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Texas Electricity Glossary - Know the Language

Advanced Metering Surcharges (AMS)
This is a Public Utility Commission-approved charge from your TDSP (Oncor, Centerpoint, AEP). This charge passed on to you without mark-up and then pays the fee to your TDSP.

Base Charge
A charge assessed during each billing cycle without regard to the customer's demand or energy consumption.

The amount of electricity used at any given instant or averaged over a designated period of time. Demand is usually measured in kilowatts or megawatts. The peak demand is the highest 15 or 30 minute recorded demand period over 12 months.

Electric Cooperative (COOP)
Customer-owned electric utility that distributes electricity to its members.

The free flow of electrons. Electric generators convert mechanical energy into electric energy. Electrical energy is the generation or use of electric power over a period of time, usually expressed in kilowatt-hours (kWh) or megawatt-hours (mWh).

Electricity Facts Label
A standardized format sheet of information required by the PUC that provides customers with disclosure information on a Retail Electric Provider's prices, contracts, sources of power generation and emissions. This information will give you a better comparison of electricity offers from competing Texas Electric Providers. (See Bounce Energy's Historical EFLs)

Electric Reliability Council of Texas (ERCOT)
The corporation comprised and governed by a board of directors from investor and municipally owned electric utilities, generators, independent members and consumers to maintain and ensure the reliability of the power grid that operates in the State of Texas. They make sure you get electricity into your home or business.

Energy Charge
A charge based on the electric energy (kWh) consumed.

Energy Efficiency Cost Recovery Factors (EECRF)
Charge assessed to recover a TDSPs costs for energy efficiency programs, to the extent that the TDSPs charge is a separate charge exclusively for that purpose that is approved by the Public Utility Commission.

ESI I.D. (Electric Service Identifier)
A unique number in the ERCOT market given to an electricity delivery point by the TDSP. You can find this number on your electricity bill.

The production of electricity. Electricity in Texas is generated from natural gas, nuclear, coal, wind, water, and solar energy. Since 1995, Texas has built or has under construction some 27,000 MW of generation capacity and is projected to have reserve margins in excess of 25% through 2006.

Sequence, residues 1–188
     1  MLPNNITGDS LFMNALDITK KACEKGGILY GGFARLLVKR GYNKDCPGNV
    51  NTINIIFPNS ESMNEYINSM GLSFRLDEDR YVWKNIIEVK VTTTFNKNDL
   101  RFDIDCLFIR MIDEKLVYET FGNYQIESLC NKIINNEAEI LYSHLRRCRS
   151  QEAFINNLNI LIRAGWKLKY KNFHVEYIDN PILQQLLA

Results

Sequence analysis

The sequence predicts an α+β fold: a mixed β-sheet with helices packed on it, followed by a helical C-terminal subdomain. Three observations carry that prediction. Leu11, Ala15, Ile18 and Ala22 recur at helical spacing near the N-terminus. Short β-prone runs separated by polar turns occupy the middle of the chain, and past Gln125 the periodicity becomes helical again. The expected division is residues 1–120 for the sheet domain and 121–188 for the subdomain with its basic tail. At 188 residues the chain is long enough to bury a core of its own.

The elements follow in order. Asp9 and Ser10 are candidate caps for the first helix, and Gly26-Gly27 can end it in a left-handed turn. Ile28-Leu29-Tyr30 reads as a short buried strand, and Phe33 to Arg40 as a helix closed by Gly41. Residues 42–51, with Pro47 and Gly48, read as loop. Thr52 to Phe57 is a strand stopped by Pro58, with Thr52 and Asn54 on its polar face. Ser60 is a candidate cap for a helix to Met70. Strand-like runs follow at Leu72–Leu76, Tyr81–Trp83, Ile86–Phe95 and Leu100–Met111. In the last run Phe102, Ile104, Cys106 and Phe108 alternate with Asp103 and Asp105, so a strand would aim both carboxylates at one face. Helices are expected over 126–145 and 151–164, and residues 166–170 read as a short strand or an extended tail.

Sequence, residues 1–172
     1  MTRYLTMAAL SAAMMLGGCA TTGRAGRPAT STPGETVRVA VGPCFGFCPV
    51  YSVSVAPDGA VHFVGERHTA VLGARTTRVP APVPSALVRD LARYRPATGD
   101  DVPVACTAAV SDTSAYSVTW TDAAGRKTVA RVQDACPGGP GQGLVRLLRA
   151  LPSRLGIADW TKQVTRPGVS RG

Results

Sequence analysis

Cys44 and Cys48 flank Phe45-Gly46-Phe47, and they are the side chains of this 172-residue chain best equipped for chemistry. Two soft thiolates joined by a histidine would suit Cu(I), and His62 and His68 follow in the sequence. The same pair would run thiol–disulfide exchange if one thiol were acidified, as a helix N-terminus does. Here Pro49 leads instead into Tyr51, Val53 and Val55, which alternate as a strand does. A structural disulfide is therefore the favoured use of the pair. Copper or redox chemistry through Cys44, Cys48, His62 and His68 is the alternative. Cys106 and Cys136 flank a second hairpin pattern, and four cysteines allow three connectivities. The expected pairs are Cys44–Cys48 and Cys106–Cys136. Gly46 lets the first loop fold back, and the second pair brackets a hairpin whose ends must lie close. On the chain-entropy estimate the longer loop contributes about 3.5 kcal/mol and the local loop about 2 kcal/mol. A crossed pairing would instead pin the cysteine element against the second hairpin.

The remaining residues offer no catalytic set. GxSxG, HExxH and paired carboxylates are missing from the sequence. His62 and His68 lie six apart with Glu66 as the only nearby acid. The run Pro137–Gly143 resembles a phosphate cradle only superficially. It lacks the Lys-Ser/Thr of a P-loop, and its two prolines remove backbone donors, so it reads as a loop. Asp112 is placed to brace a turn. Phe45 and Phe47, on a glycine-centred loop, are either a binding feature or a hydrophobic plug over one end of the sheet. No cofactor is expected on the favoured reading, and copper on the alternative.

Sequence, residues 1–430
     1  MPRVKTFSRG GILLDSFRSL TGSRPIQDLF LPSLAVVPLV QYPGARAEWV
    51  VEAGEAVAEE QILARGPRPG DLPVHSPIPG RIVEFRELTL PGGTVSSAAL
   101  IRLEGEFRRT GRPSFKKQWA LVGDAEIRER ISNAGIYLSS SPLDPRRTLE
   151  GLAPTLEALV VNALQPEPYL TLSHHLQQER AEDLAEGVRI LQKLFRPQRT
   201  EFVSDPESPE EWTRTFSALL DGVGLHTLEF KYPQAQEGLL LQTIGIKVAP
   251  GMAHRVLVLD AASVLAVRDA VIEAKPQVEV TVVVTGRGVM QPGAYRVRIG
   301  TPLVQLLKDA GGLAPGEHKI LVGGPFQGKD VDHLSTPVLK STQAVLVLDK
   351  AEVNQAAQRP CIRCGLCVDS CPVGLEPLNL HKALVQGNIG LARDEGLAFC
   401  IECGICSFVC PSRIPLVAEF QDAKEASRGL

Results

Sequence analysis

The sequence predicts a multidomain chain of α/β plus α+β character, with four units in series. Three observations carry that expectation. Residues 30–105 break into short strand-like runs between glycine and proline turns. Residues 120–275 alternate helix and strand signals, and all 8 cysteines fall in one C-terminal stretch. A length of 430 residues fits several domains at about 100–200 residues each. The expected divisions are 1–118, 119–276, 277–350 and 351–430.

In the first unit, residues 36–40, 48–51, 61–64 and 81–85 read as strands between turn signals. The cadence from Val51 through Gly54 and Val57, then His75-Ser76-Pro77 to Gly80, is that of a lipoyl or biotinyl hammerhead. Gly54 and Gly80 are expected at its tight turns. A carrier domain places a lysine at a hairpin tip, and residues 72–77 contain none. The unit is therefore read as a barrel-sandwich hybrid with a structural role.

Kilowatt-Hour (kWh)
A measurement of energy equal to one kilowatt (kW) of power for a one-hour duration. This is the amount of electricity providers charge you on your bill for each billing period.

Municipally or City Owned Utility
A non-profit electricity provider that is owned and operated by the municipality it serves. Texas city-owned utilities may decide whether or not their customers will have a choice of REPs. Customers should contact their electric cooperative or city utility for more information.

Provider of Last Resort
The Provider of Last Resort becomes your provider when a Retail Electric Provider exits the market for any reason. If this happens, customers may switch back to the Affiliate Retail Electric Provider or establish service with a new Retail Electric Provider.

Public Utility Commission of Texas (PUC)
The state agency that is responsible for the regulation and oversight of electric services in Texas. The Public Utility Commission regulates the delivery of electricity to ensure the safety and reliability of your service. The mission of the Public Utility Commission of Texas is to protect customers, foster competition, and promote high quality infrastructure.

Renewable (Green) Energy
Electricity that is made from natural fuel sources via the environment, such as wind, water or solar. See Bounce Energy green energy plans and rates.

Retail Electric Provider ("REP")
A company that sells electricity to customers. All Retail Electric Providers must be certified to do business by the Public Utility Commission of Texas.

TDSP (Transmission and Distribution Service Provider)
Transmits and delivers the electricity to a customer's home or business along the poles and wires. This company is responsible for maintenance and repair of these poles and wires and regulated by the PUC. Examples include Centerpoint, Oncor, AEP North, AEP Central, and Texas-New Mexico Power.

Terms of Service
Contract between a Retail Electric Provider and a customer that outlines fees, length of service and other important information.

The measurement of electricity used during the billing cycle listed in kilowatt-hours (kWh) on your electric bill as kWh.

Your Rights As a Customer Disclosure
A document that informs you of your rights as mandated by the PUC. Retail Electric Providers must provide you with this disclosure.

Definitions provided by the PUC and

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